If you’re working as a business in the UK, once you start to earn £85,000 a year, you must register for VAT – if you’re involved in distance selling into the UK, the threshold is £70,000. This means that all of your sales, whether it’s goods or services must have an extra 20% added to them that you pay to HMRC. VAT also applies to hiring or loaning goods, selling business assets and commission. Many businesses choose to register for VAT before they hit the £85,000 threshold but it’s important to note that if you do register, you must charge VAT on all applicable sales. If you’re not registered, you cannot charge VAT on your invoices.

Most goods and services in the UK need to charge 20% VAT, but there are reduced rates of 5% for home gas and electricity supply or child car seats. More essential items are either exempt or have a zero-rate VAT cost, such as motorcycle helmets, insurance or children’s clothing and shoes. Unless you’re involved in selling these particular exempt items, once you register for VAT, you’ll need to add 20% to all your invoices.

If you’re a VAT registered business, then you (or your accountant) must report a VAT return to HMRC every three months. If you’re a business that pays VAT, then if you’ve charged more VAT to your customers than you’ve paid to other businesses, then you hand over the difference. Rather nicely, if you’ve paid more VAT to others than you’ve taken yourself, then you get to claim the difference back from The Taxman!

VAT is a complicated bit of tax law, but the principle is quite simple, everyone who buys certain goods and services must pay 20% tax over the cost of their item and it’s up to the business that sells it to pass on that tax to HMRC. There’s also Flat Rate VAT, which we’ll cover in another blog – so make sure to come back soon!


Photo credit: P T Money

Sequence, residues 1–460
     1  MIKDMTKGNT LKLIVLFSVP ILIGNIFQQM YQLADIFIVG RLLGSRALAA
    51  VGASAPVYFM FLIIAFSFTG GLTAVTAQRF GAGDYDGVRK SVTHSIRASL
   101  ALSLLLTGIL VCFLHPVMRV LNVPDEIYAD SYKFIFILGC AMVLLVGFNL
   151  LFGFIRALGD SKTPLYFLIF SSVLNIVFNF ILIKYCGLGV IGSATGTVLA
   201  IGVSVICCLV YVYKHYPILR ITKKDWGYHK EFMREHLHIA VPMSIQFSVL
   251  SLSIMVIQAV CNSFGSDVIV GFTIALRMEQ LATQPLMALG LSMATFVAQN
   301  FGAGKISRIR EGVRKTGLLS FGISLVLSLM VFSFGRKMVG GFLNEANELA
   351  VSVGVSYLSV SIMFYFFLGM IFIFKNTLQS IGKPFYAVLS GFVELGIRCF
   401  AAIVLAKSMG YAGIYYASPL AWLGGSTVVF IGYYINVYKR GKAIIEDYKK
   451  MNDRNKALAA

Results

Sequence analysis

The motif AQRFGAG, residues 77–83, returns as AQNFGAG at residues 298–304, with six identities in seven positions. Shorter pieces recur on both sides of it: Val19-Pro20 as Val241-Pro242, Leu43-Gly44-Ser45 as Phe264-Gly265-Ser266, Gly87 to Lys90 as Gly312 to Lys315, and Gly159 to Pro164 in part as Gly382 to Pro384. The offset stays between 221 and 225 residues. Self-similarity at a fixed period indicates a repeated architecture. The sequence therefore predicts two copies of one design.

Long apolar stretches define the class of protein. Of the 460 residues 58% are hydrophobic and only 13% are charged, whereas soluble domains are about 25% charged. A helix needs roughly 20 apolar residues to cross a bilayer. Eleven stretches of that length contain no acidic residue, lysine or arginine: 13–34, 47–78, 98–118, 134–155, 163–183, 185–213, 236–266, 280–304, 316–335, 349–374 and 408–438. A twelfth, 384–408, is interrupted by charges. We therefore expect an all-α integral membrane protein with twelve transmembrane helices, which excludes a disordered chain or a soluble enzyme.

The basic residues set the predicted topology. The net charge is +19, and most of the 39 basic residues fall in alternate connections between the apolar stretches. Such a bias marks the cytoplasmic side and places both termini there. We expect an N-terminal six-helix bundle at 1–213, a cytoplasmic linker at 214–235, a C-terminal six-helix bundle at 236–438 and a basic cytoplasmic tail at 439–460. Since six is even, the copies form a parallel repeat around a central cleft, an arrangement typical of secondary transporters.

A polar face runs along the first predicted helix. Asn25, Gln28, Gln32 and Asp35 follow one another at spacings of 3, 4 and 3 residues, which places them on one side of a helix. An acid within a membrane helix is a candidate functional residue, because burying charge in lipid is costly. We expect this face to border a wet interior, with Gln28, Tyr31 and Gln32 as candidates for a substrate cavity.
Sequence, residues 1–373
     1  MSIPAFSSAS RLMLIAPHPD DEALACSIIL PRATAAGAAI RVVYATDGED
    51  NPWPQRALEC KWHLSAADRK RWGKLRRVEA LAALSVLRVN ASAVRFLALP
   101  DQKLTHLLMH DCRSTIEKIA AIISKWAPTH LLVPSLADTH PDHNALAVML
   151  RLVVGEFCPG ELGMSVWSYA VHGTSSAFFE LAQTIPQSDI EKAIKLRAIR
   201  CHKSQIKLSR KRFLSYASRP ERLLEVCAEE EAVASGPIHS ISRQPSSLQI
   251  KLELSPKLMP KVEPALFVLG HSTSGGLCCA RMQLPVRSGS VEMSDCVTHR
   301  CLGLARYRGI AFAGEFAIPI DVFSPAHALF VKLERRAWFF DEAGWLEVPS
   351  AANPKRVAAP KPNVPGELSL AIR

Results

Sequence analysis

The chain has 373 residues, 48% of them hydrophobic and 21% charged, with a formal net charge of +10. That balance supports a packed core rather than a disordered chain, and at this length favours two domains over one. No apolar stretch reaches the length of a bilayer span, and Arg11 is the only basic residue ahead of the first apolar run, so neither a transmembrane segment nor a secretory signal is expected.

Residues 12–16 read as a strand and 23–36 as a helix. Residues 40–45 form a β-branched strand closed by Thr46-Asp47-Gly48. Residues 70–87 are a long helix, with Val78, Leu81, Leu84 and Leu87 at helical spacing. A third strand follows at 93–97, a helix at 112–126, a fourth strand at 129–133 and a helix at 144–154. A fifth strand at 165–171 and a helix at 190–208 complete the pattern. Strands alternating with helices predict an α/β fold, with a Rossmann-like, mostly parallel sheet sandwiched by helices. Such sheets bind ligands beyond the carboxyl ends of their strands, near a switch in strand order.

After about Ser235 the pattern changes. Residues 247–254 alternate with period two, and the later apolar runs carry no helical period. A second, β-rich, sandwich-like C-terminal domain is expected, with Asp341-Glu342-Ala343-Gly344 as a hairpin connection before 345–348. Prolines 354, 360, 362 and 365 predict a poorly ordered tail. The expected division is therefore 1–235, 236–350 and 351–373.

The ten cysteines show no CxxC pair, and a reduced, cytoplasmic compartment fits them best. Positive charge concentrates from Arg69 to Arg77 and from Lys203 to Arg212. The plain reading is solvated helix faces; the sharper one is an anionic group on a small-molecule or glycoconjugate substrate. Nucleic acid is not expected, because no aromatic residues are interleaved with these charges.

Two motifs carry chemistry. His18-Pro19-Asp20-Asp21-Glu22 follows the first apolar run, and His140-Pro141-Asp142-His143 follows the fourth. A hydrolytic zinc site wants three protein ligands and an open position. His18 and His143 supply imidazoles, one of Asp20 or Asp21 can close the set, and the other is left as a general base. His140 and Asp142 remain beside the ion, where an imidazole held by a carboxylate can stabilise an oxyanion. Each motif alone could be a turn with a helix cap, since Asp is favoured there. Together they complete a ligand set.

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What’s Corporation Tax and Why Is It Such A Big Deal?

Corporation Tax – or Corp Tax – is one of those things that makes the headlines every so often and it’s now back in the news! A few years ago, reports came out that international companies such as Google, Facebook and Starbucks weren’t paying enough UK Corp Tax. A few years after that, Corp Tax was reduced, but there’s a lot of discussion in the run up to the election whether it should be raised to provide future Government spending money.


That doesn’t really answer the question; what exactly is Corporation Tax?


Put simply, the Government takes a percentage of all companies’ profits. Once a company has paid their salaries, rent, suppliers and everything else, what’s left over is profit and (currently) companies give 19% of it to HMRC at the end of the year.


The news on big companies not paying UK Corp Tax was because money that was made in the UK was legally moved to other European headquarters, where Corporation Tax was lower. Many felt that money made in the UK should be taxed in the UK and after the headlines, many companies started paying more UK Corp Tax.


So how does it affect small business owners?


Many small businesses run as Limited Companies, which only employ one or two people. If you are the only employee of your limited company, then it can make a difference to how much tax you pay, and whether it’s Corp Tax or personal Income Tax.